Don’t bury your calling. Don’t dismiss your gifts. Don’t muzzle your voice, or enslave yourself to gravity when you were made to soar for His glory.  Stretch out your arms, lift your face heavenward, and let yourself fly high in His strength. Talk back to your fears if you have to, and don’t forget to smell the lilacs.

I see you up there, darling, and you look stunning and courageous. Your dreams might just change the world, and they might just change you.

Your turn: Do you have a dream? Does it seem out of reach? How can you find strength today to take the next step?

by | January 26, 2015 | 13 comments

13 Comments

  1. Ronda Cox

    My dream is to serve God and encourage others to trust, hope, grow, and dream through writing. I am frozen in fear and need to find a starting point.

    Reply
  2. Laura Risser Moss

    Grateful for this much-needed, supernaturally-timely encouragement. Thank you, Jennifer.

    Reply
  3. Lyn

    What happens when you don’t know how to dream? When you have no idea what your calling or purpose is? Or even what your gifts are for that matter? Life has crushed my previous dreams to dust and God has been silent.

    Reply
    • dukeslee

      Hi Lyn! Thank you for your great (and very common!!) questions. I’m so glad you asked. I’m not going to answer directly back, because I’m not an “answer girl” as much as a friend who just wants to encourage you.

      Let’s start here: What if we thought of a dream as being more linked to who we ARE, instead of something that we DO?

      Maybe ask these questions of yourself: What matters most to me? What makes me feel most alive? There’s a good chance that your calling is closely linked to the passions that God has placed in you. My friend Holley Gerth is such a great communicate of God-sized dreams, and might I recommend one of her books? Check her out at holleygerth.com. She writes about God-sized dreams, and she also writes about what to do when your dreams die.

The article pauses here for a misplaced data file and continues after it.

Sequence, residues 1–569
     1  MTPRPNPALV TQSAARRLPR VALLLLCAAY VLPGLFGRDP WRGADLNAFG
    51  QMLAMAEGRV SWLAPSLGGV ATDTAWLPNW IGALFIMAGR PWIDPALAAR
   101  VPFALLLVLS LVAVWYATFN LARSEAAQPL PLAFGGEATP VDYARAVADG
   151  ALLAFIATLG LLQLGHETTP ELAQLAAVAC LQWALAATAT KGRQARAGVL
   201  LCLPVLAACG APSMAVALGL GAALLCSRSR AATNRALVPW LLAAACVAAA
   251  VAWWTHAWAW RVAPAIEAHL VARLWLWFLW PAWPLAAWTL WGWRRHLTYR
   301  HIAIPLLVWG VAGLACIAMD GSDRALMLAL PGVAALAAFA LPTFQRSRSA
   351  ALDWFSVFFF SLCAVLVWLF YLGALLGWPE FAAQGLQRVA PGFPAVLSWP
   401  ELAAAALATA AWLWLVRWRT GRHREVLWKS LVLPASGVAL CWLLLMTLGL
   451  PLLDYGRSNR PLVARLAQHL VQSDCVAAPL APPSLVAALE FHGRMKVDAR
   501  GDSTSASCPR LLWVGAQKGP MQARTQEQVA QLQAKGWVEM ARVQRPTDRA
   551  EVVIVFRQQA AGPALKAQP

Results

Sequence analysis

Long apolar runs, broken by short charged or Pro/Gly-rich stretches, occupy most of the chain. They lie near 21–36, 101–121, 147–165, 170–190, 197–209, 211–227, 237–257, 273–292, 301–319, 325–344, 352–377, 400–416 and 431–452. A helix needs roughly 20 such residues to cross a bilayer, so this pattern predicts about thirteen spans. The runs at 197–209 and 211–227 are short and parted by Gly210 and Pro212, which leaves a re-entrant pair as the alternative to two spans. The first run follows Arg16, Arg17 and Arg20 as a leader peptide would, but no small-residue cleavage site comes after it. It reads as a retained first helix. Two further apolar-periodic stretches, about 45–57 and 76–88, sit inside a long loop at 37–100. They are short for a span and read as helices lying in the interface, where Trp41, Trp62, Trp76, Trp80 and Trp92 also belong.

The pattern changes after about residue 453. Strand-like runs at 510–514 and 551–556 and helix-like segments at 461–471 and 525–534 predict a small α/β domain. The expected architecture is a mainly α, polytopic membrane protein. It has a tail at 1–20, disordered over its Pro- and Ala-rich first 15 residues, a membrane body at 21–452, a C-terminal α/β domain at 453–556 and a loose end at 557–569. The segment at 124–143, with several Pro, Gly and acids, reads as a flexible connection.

When Holley talks about God-sized dreams, she’s not talking about the size of a calling, or anything like that, but more about God’s right-sized dreams for each of us.

      I hope that my questions encourage you today, and that God reminds you today that you really do have a calling and a purpose — even if it seems really foggy out there.

      Praying for you, Lyn, and for the places where your dreams have gone to dust, and where God has gone silent.

      ~ Jennifer

      Reply
      • Lyn

        Thank you Jennifer! Your blog entries have been very meaningful and encouraging to me! Your response has made me think. I will mull over the questions you asked, check out the God-Sized Dreams book and pray that the fog lifts. 🙂

        Reply
  4. Trudy Den Hoed